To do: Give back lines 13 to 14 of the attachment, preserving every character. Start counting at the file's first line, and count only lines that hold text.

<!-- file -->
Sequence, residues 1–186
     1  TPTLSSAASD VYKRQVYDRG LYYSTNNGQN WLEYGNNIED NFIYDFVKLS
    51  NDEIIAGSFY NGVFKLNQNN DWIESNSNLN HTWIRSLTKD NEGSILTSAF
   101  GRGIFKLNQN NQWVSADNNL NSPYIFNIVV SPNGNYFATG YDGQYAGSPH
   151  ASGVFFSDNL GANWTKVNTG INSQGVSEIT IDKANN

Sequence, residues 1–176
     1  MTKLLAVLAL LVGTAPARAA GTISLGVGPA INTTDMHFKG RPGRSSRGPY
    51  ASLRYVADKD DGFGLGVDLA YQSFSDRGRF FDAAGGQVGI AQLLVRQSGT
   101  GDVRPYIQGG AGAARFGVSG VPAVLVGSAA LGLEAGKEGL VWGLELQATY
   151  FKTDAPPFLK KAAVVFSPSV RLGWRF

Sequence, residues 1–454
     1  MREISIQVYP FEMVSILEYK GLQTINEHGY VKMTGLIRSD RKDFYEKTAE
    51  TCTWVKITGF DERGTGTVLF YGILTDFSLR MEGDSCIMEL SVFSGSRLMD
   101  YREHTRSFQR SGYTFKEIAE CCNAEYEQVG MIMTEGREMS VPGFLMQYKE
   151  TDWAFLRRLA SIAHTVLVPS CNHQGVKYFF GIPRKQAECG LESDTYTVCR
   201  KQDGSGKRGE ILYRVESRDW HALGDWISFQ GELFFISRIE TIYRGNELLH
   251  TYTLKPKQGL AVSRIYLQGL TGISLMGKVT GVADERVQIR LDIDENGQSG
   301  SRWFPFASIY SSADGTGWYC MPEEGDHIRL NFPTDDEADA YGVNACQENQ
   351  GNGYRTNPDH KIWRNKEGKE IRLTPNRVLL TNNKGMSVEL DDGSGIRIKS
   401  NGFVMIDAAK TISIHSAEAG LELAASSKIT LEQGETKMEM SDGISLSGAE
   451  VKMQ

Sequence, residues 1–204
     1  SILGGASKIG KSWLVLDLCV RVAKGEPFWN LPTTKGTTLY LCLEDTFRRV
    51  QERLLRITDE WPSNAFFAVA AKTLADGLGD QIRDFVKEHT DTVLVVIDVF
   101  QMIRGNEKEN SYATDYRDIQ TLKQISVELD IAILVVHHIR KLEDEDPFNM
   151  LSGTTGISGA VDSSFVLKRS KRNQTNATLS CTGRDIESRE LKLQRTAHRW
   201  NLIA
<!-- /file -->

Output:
    51  TCTWVKITGF DERGTGTVLF YGILTDFSLR MEGDSCIMEL SVFSGSRLMD
   101  YREHTRSFQR SGYTFKEIAE CCNAEYEQVG MIMTEGREMS VPGFLMQYKE